For the Technology Infrastructure Grant program, $10.1 million to 70 Connecticut school districts. Funds may be used to upgrade or install wiring and improve infrastructure to support advanced telecommunications applications. State legislation earmarks $1 million each for Bridgeport, Hartford, New Haven, and Waterbury. The remaining $6 million was distributed through a competitive grant process. The program has distributed $20 million to 119 districts over the past three years.
$3 million from Cinergy Foundation
For a program called Building Assets and Support for Innovative Communities & Schools (BASICS), $3 million to 20 districts in Cinergy’s service area in southwest Ohio, northern Kentucky, and Indiana. The grants will fund the planning and implementation of innovative school reform, including the use of technology to prepare students for tomorrow’s economy. Fairfield City School District of Ohio received the first award and is a pilot for the program.
$1.2 million from BellSouth Foundation
To support comprehensive K-12 education reform, $1.2 million to 16 educational institutions in the southeastern U.S. Virtually all of the grants reflect a focus on quality teachers, and most include the integration of technology into teaching and learning. Awards included $25,000 to Pinellas Education Foundation in Florida to support a teacher technology training program in two schools, and $25,000 to Wilmington Children’s Museum in North Carolina to create a computer center for community and school use.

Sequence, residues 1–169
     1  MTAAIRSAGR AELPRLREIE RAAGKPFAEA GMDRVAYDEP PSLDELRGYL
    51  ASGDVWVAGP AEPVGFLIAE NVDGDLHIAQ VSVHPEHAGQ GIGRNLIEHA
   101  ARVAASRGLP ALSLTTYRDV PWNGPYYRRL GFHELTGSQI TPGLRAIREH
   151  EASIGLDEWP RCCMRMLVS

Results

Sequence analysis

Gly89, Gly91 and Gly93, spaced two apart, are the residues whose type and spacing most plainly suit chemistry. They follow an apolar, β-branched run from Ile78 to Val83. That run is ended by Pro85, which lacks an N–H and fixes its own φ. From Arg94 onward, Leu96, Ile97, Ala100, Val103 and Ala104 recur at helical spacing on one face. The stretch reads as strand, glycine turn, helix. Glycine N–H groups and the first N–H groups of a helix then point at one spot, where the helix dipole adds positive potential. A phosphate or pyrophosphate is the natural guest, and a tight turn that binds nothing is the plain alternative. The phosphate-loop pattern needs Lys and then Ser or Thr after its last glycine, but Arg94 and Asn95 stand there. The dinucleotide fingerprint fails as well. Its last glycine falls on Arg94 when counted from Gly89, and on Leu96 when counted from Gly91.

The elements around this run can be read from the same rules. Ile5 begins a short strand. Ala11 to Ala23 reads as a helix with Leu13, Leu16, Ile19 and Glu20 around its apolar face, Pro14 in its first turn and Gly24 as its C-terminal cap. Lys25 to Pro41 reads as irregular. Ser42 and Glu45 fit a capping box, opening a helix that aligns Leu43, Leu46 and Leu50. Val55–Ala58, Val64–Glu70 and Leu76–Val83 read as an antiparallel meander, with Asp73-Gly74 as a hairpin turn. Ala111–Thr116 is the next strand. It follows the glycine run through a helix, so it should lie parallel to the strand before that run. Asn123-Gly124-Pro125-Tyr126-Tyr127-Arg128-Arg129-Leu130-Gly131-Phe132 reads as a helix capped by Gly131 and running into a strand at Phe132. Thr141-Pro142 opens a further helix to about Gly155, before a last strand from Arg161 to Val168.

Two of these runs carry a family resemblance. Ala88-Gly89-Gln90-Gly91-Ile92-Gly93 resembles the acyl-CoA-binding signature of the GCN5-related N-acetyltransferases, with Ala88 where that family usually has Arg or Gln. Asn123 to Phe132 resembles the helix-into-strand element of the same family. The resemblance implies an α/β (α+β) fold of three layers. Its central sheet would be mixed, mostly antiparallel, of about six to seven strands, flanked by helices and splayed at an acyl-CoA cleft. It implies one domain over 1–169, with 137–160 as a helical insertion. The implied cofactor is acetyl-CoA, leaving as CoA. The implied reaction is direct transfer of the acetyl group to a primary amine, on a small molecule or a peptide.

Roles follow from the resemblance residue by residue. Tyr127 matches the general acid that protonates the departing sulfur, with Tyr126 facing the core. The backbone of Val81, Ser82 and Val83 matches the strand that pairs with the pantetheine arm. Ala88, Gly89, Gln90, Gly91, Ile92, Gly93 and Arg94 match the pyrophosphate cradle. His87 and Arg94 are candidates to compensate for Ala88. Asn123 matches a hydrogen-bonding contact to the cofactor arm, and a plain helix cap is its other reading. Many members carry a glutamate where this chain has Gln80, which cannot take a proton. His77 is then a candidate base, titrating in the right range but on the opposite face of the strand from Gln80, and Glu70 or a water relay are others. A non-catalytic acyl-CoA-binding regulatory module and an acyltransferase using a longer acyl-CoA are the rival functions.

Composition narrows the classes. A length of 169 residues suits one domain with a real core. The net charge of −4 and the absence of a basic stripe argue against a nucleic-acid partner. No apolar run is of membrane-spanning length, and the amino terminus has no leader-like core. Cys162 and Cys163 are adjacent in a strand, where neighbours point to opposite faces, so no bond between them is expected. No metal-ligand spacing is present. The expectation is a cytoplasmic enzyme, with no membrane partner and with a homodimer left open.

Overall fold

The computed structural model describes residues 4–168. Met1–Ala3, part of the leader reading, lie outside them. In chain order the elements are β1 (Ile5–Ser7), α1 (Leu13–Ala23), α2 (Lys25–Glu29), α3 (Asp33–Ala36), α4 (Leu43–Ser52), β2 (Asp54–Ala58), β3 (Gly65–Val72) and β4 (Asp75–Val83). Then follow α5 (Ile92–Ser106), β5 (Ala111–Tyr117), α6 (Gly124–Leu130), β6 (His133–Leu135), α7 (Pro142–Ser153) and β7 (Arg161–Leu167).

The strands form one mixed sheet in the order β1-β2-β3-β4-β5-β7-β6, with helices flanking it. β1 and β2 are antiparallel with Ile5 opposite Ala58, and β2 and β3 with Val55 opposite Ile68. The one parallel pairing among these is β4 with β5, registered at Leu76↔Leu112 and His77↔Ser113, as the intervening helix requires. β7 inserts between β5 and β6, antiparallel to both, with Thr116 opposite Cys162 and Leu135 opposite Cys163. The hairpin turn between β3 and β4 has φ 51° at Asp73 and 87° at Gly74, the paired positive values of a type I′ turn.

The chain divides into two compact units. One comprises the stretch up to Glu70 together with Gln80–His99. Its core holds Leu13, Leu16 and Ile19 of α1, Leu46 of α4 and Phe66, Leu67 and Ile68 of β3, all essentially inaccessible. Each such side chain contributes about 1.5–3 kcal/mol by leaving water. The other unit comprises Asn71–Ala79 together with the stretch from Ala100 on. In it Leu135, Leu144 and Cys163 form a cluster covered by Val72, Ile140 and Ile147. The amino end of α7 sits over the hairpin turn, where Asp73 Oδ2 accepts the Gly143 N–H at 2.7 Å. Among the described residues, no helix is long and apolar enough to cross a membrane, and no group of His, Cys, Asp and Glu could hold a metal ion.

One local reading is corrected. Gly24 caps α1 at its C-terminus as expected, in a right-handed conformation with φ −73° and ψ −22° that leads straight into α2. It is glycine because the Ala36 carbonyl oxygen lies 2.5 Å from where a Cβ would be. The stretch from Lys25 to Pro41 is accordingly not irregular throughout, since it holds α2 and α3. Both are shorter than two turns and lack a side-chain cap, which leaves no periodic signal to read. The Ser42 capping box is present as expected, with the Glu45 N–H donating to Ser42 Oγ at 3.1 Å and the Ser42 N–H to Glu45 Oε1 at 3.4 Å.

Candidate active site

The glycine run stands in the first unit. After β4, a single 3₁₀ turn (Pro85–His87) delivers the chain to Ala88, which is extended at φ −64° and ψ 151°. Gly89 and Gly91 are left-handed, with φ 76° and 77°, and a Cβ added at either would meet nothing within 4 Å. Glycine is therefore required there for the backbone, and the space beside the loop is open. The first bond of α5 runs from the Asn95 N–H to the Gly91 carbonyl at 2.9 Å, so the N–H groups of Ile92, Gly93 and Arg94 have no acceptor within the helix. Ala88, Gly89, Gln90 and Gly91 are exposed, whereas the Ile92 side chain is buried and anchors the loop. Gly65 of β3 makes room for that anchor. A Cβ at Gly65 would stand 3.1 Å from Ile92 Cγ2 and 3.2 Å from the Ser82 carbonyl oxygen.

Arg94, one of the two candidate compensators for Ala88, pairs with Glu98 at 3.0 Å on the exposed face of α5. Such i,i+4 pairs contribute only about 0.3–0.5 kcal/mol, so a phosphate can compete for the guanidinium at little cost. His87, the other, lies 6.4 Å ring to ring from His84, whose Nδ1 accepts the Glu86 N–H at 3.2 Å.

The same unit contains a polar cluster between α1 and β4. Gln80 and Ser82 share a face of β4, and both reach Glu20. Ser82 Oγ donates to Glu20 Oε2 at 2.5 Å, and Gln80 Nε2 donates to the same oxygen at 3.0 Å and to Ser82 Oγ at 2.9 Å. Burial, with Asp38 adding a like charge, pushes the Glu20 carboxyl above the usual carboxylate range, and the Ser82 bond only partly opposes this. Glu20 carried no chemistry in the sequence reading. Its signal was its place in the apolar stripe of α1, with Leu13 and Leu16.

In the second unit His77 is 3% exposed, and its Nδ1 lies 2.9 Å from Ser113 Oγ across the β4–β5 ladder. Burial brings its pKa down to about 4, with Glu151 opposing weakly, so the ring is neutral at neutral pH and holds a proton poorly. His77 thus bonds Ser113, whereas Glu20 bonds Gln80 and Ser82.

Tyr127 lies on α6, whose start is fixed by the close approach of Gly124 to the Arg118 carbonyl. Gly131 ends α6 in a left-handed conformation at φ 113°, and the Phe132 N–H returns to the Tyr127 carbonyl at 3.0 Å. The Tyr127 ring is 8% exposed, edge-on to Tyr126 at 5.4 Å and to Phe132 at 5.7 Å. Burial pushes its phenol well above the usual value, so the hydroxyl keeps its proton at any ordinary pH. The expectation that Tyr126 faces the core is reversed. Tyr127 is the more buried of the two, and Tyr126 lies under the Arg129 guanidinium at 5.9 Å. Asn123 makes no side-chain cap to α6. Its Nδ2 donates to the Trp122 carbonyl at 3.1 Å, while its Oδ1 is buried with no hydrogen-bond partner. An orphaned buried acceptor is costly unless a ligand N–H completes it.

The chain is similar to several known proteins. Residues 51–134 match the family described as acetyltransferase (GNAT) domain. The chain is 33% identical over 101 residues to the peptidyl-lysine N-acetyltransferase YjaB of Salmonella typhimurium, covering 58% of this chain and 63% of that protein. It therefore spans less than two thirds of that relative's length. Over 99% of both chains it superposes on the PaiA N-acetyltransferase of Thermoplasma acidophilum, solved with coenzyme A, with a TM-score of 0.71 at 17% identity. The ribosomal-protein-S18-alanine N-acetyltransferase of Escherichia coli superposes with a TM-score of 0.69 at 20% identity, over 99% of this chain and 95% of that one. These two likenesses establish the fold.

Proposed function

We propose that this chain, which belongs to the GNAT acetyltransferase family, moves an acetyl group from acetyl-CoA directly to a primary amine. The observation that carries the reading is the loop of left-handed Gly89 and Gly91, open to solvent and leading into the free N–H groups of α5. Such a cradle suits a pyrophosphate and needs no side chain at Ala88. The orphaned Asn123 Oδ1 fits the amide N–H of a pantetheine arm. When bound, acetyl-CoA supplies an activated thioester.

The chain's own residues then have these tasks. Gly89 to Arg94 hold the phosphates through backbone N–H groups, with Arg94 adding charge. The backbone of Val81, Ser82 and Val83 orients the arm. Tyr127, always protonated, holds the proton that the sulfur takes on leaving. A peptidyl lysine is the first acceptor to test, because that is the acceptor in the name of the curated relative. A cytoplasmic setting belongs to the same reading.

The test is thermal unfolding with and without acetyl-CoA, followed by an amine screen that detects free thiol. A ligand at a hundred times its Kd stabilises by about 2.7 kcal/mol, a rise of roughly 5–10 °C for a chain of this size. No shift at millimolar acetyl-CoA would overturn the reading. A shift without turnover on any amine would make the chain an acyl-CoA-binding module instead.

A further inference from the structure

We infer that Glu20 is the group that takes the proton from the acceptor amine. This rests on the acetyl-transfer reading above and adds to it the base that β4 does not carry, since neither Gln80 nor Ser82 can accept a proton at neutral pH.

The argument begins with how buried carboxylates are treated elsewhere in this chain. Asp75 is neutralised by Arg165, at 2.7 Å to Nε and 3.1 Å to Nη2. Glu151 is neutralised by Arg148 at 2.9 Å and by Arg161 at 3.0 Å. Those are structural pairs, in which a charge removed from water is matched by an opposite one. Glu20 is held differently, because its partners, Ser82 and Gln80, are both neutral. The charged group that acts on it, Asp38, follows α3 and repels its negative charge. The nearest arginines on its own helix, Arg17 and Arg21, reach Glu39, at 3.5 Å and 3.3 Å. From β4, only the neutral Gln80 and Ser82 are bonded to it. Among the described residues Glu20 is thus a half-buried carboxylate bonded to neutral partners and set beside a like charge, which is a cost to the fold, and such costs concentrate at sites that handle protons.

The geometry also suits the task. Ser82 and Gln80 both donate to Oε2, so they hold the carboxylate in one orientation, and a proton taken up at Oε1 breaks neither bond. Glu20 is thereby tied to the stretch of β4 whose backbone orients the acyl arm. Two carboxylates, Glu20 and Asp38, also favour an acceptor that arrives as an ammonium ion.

$1 million from Bell Atlantic – Virginia
For its Distance Learning Grants program, $1 million to 10 Virginia schools, districts, colleges, and consortia. The program awards grants to K-12 public schools and state-supported colleges in the company’s Virginia service area. Recipients may use the grants to purchase the classroom equipment–such as TV monitors, cameras, and microphones–necessary for interactive distance learning. Bell Atlantic plans to fund an additional $2 million in distance learning grants over the next two years. For more information, write to: Manager – Distance Learning Grants, Bell Atlantic – Virginia, 11th Floor, 600 E. Main St., Richmond, VA 23219; or eMail: david.l.hudson@BellAtlantic.com.
$106,000 from Champlin Foundations
To help finance the district’s technology plan, $106,000 to the Providence, R.I., School Department. The grant will be used to buy computers, software, printers, and digital cameras for the district’s elementary schools. The Champlin Foundations make direct grants for capital needs (such as the purchase of equipment) to tax exempt organizations, substantially all in Rhode Island.
$40,000 from Assisi Foundation
To equip the school’s new science and technology laboratory, $40,000 to Sacred Heart School in Memphis, Tenn. The grant will provide computers and manipulatives–equipment that provides students with hands-on learning experiences–to enhance science and technology classes for grades K-8. The Assisi Foundation is a private grant-making foundation that awards grants quarterly in the mid-South for education, health care, the arts, and community needs.